A not so distant mirror

"Those who do not remember the past

Are doomed to repeat it

                    -- George Santayana

"We has met the enemy

Somewhere in Italy

Somewhere in Italy

And he is us"

                 --Pogo

 

   For my background reading for our Italy trip, I'd stumbled across a couple of memoirs written by Americans coming to grips with their Italian heritage. I settled into My Two Italies by Joseph Luzzi. I was particularly intrigued by his recounting of Prime Minister Silvio Berlusconi's years in power. Berlusconi headed the Italian government from 1994 until 2011, when he resigned to face charges of "bribery, Mafia collusion, false accounting, tax evasion, government corruption, and sexual solicitation."

Somewhere in Montana

Somewhere in Montana

   To say that Berlusconi is a charlatan, con man and clown would be fair, and a shining example of charlatans, con men and clowns everywhere, were it not for the fact that he headed the eighth largest economy in the world for the better part of twenty years.

   Berlusconi made a name for himself as head of a media empire that produced tawdry quiz shows that included stripteasing housewives. Berlusconi's libidinal exploits won a wink and a nod of approval from Italian men who, according to Luzzi, wished only they could be him. Berlusconi is said to be worth $10 billion. Luzzi writes: "With his face-lifts, seaside villas, Marinella ties [again with the ties?], sprawling estates, and near-naked showgirls, Berlusconi embodies the Italian love of surfaces."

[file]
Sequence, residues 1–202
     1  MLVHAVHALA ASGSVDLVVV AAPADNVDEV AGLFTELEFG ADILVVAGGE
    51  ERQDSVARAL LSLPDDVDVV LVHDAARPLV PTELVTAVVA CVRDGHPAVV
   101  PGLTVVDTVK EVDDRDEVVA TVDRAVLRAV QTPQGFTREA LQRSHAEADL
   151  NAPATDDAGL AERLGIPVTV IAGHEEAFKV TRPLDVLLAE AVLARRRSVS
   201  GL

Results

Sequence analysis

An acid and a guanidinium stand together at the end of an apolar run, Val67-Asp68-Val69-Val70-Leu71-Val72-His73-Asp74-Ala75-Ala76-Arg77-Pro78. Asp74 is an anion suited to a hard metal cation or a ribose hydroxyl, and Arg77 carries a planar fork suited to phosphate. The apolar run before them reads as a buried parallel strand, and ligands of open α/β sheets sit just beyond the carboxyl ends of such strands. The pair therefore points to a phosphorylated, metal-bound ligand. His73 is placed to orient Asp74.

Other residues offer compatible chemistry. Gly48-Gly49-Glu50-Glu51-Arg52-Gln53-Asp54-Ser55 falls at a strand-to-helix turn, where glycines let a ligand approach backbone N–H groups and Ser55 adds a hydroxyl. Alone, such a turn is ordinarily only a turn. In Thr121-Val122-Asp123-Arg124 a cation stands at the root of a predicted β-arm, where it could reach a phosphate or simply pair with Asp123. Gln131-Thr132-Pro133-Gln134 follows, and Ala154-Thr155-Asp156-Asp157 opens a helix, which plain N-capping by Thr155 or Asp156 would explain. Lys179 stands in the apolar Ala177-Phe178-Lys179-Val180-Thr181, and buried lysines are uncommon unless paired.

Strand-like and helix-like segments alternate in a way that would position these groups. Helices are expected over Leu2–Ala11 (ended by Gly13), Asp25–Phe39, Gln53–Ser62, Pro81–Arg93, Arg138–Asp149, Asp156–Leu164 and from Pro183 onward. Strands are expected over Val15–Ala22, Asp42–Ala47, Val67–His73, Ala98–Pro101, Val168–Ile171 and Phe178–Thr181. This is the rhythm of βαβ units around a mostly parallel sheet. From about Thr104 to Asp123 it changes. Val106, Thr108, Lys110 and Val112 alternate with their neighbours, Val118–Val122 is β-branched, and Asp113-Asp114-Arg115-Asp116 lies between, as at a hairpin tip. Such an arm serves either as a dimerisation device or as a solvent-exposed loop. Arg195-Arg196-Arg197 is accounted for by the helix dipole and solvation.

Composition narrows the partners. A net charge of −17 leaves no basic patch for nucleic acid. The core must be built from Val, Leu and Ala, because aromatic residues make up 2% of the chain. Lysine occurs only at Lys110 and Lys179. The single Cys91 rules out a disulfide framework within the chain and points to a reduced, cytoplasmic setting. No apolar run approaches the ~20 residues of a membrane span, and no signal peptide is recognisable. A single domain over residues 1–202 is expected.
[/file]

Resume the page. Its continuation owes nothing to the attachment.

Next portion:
Somewhere in Italy

Somewhere in Italy

   Luzzi sees signs that Berlusconi's lifestyle has rubbed off on the country as a whole: "Each day, thousands evade taxes, rig bids, work under the table, give relatives preferential treatment, and engage in other illicit activities that have earned Italy its reputation as a place where virtue goes to die (the European Union listed Italy as second only to near-bankrupt Greece in corruption)."

   These are not things that can be seen by the casual tourist. You also travel for the purpose of opening yourself to new and different experiences, and not to find yourself in a strange and distant country that may be serving as a contemporary cautionary tale for the country you call home. In these circumstances, you look for examples that show your cautionary tale to be an oversimplification and not relatable at all. For instance:

●     The original Roman Empire was built on slavery (oops)

●     Italy was composed of an agglomeration of states with significant cultural and political differences that led to jealousies and suspicions and war. (Sorry)

●     The unification of Italy immediately led to regions agitating for secession (my bad)

●     Italy was home to the institution (Catholic Church) most responsible for junk science that brought on the Dark Ages (Hmm. Interesting)

●     It was here that torture was first legitimized (Inquisition) (Hmm. Very interesting)

●     There are almost 16 million Italian-Americans in the US. (Yikes)

●     Even Berlusconi referred to his own country as a paese di merda (shithole) ( Ah...)

Somewhere in Montana

Somewhere in Montana

   Now I'm no cultural historian (that should be obvious), and I would never dare anyone to check these "alternative facts" (full disclosure: I was reading Michael Lewis's The Fifth Risk when I was jotting down these observations). But it would be more reassuring to know these historical ruminations were more relevant to the country I had just visited than the one I've come back home to.

   I still believe travel is broadening; it's just that it can be more so in a frightening way than one would anticipate.